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Heart Attacks and Folic Acid

By |February 6, 2011|Nutrition, Prevention, Supplementation|

Randomized trials have suggested that folic acid may not have any beneficial effects for preventing heart attacks especially a second episodes. However in a meta-analysis published Wednesday (2/2/11) Wald,et. al. suggest that previous studies have failed to account for the use of aspirin by study participants. The authors suggest folic acid could be a part of a preventative measure to reduce first attacks but not second due to the use of aspirin by those suffering from a previous attack.

The study was published online as part of the PLoS site, an open access peer reviewed site. You can download the study in its entirety here;

Wald DS, Morris JK, Wald NJ (2011) Reconciling the Evidence on Serum Homocysteine and Ischaemic Heart Disease: A Meta-Analysis. PLoS ONE 6(2): e16473. doi:10.1371/journal.pone.0016473

Calcium deposition in osteoarthritic menisci and meniscal cell culture

By |April 6, 2010|Health, Nutrition|

osteoarthritic menisci and meniscal cell culture

osteoarthritic menisci and meniscal cell culture

The results of a study published online on March 30th 2010 could very well present a treatment dilemma in OA patients with concomitant osteoporosis.

How to insure target tissue specific outcome for Ca++ supplementation therapy in these type of patients? I certainly am no expert when it comes to supplements, are there any other supplements that could be coupled with the Ca++ in order to at least maximize osseous uptake while also decreasing cartilaginous uptake?

Abstract is available here which includes a link to the complete article as a provisional PDF.


The NEW, “The New Oxford Book of Food Plants”

By |September 20, 2009|Books, Education, Health, Nutrition|

The following is taken from’s Blog entry from Friday (09/18/2009) Posted by Margaret Guthrie:

“The book presents detailed nutritional information on food plants, including insight into hybridization and genetic modification, such as genetic engineering to reduce cell-wall softening in tomatoes, one of the world’s most popular “vegetables.” …… Details of vegetative components are given, along with analysis of “other biologically active substances” like antioxidants, flavonoids and tannins.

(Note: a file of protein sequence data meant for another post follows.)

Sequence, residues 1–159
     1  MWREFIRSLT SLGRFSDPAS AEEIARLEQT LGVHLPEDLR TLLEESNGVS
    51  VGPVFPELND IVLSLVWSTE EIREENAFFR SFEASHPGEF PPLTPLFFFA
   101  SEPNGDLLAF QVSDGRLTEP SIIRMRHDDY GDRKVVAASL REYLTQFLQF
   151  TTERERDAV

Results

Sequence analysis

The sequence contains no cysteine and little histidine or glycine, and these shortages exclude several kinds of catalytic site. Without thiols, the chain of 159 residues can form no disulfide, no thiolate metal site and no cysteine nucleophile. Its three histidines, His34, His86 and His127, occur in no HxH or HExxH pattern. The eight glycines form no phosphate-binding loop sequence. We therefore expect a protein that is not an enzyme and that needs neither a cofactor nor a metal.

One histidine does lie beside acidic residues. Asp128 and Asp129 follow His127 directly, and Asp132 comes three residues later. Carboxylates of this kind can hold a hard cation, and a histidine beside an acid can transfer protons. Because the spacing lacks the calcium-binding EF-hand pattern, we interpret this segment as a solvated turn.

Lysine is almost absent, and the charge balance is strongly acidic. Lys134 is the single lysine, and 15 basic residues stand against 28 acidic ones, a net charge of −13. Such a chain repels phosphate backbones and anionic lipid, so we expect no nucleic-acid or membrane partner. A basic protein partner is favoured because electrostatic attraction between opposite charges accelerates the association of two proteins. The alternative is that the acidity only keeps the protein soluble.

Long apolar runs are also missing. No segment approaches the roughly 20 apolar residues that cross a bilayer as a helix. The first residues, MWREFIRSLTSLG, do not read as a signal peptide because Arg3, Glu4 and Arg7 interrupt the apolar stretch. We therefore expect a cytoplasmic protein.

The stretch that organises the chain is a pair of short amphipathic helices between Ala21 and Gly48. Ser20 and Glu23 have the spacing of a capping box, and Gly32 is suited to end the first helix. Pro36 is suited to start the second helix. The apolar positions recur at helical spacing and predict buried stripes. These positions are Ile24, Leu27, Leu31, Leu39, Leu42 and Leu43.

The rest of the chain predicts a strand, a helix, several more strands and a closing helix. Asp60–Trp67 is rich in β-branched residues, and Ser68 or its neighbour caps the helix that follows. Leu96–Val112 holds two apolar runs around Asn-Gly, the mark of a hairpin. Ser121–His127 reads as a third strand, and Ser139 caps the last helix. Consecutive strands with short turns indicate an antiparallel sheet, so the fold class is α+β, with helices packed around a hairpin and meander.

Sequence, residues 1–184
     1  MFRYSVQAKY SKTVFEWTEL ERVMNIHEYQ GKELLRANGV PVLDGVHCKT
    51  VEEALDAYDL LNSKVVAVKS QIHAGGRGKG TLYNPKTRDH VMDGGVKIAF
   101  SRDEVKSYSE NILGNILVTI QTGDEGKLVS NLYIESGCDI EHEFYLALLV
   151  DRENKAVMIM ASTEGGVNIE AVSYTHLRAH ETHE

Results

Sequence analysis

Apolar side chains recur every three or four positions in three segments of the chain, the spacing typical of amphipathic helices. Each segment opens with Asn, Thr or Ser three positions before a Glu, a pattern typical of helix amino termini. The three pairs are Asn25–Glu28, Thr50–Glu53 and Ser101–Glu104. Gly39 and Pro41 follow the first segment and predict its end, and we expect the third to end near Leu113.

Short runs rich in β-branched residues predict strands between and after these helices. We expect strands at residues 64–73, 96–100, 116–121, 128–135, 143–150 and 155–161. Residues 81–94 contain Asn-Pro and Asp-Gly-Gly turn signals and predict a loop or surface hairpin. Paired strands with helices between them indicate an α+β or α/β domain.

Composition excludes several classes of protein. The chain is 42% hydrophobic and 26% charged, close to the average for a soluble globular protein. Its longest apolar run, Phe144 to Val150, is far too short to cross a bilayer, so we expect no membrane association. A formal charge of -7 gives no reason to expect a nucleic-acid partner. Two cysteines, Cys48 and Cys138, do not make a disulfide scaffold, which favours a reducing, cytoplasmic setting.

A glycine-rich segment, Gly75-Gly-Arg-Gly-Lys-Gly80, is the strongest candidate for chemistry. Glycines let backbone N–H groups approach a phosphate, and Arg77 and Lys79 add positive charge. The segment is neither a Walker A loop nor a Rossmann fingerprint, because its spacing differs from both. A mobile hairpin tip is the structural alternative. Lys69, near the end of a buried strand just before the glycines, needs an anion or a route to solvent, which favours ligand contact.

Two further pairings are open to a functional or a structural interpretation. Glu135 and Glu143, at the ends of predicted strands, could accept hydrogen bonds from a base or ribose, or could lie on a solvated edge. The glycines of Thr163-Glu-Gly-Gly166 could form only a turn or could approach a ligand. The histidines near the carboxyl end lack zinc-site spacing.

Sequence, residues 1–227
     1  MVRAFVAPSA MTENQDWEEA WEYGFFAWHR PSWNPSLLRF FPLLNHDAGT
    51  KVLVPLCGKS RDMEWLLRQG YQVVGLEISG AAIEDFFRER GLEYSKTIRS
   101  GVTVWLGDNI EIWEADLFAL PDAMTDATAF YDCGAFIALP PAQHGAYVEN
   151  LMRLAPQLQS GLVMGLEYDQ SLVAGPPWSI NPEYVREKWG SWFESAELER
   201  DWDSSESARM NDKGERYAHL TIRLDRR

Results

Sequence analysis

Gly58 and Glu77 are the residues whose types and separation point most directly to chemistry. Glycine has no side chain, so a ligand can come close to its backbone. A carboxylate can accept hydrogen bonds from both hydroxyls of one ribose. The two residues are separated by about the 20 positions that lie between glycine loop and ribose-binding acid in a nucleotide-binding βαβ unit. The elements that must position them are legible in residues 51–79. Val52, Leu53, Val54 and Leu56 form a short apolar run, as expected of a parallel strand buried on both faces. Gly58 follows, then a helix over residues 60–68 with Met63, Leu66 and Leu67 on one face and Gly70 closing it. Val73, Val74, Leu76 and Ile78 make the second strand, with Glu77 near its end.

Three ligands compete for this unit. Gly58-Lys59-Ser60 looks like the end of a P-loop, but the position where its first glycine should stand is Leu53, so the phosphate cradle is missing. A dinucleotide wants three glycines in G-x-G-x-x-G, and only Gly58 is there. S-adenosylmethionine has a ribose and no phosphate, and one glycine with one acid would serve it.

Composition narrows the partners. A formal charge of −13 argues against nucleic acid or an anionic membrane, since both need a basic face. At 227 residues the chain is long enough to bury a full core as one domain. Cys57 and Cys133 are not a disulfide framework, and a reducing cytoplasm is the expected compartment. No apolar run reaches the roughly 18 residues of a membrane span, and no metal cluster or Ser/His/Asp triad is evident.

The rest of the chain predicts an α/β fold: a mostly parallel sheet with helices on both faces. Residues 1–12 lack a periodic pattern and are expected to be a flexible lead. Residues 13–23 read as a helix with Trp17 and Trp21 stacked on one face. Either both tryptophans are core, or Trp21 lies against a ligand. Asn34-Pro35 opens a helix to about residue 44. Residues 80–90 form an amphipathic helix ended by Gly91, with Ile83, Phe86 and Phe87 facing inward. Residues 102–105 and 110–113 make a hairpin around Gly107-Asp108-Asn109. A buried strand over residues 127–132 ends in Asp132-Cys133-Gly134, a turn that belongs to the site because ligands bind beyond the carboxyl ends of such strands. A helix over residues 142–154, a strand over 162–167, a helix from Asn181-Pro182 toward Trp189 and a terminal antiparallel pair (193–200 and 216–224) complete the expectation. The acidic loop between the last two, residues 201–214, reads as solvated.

Not given over entirely to facts, charts and tables, The New Oxford Book of Food Plants also contains quirky passages that entertain as they illuminate. For example, nestled into the entry for spinach: “[Spinach] was reputed to have very high content of iron but this is a myth due to the incorrect placing of a decimal point in the calculations of Dr. von Wolf at the end of the nineteenth century, although recalculated in the 1930s.”

All in all, The New Oxford Book of Food Plants is an essential and engaging reference for everyone from casual readers and curious cooks to nutritionists and food writers. The book is due in bookstores on September 25.

The New Oxford Book of Food Plants, 2nd Edition, by J.G. Vaughan and C.A. Geissler, Oxford University Press USA, 2009. 288 pp. ISBN: 978-0-199-54946-7. $39.95.”

Let’s Talk Supplementation

By |September 2, 2009|Nutrition|

Let’s Talk Supplementation

The Chiro.Org Blog

The debate over using supplements vs. getting “all you need from your diet” has raged on for years. Competent medical professionals are actually telling people that they get everything they need from their diet. Seriously?

What exactly is the “minimum daily requirement” of vitamins? A quick review of the Food Guide Pyramid should make certain things clear:

  1. Those recommended food servings (and it’s a LOT) only provides the MINIMUM vitamins required to avoid getting a vitamin dedficiency disease. WOW, great news. It is NOT enough for a growing child, pregnant woman, or ANYONE who is sick. (more…)

Are You Too Young To Supplement?

By |May 5, 2009|News, Nutrition, Research|

Are You Too Young To Supplement?

The Chiro.Org Blog

SOURCE:   J Bone Miner Res 2008 (May); 23 (5): 741–749

The whole point of nutritional supplementation should be about prevention, not reproducing the medical model of symptom treatment after the fact.

A new study involving 5,201 female U.S. Navy recruits puts this into clear perspective.

Half this group was given calcium and vitamin D supplementation during basic training, and the amazing result was a reduction of 25% in stress fractures. Considering that 21% of recruits usually experience a stress fracture, this was a big deal for the Navy.

Consider this: the average cost of a single soldier’s being discharged from basic training is estimated to be $34,000. By that standard alone, this study saved the Navy about 2.5 million dollars by reducing the discharge rate by 25%.

Enjoy the rest of this review